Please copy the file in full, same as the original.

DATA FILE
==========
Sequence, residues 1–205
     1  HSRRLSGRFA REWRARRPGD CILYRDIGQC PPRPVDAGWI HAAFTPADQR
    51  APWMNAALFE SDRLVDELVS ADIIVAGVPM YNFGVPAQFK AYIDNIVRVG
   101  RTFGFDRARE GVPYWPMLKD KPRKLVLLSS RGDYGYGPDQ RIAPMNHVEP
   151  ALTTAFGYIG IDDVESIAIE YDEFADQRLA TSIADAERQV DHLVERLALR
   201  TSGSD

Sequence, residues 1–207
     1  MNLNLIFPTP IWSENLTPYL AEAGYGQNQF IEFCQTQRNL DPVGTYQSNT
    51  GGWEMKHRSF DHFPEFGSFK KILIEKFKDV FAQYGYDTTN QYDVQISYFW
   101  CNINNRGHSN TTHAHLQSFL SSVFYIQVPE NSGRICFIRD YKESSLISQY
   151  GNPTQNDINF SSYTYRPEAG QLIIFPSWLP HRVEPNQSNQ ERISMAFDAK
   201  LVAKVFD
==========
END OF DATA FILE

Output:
Sequence, residues 1–205
     1  HSRRLSGRFA REWRARRPGD CILYRDIGQC PPRPVDAGWI HAAFTPADQR
    51  APWMNAALFE SDRLVDELVS ADIIVAGVPM YNFGVPAQFK AYIDNIVRVG
   101  RTFGFDRARE GVPYWPMLKD KPRKLVLLSS RGDYGYGPDQ RIAPMNHVEP
   151  ALTTAFGYIG IDDVESIAIE YDEFADQRLA TSIADAERQV DHLVERLALR
   201  TSGSD

Sequence, residues 1–207
     1  MNLNLIFPTP IWSENLTPYL AEAGYGQNQF IEFCQTQRNL DPVGTYQSNT
    51  GGWEMKHRSF DHFPEFGSFK KILIEKFKDV FAQYGYDTTN QYDVQISYFW
   101  CNINNRGHSN TTHAHLQSFL SSVFYIQVPE NSGRICFIRD YKESSLISQY
   151  GNPTQNDINF SSYTYRPEAG QLIIFPSWLP HRVEPNQSNQ ERISMAFDAK
   201  LVAKVFD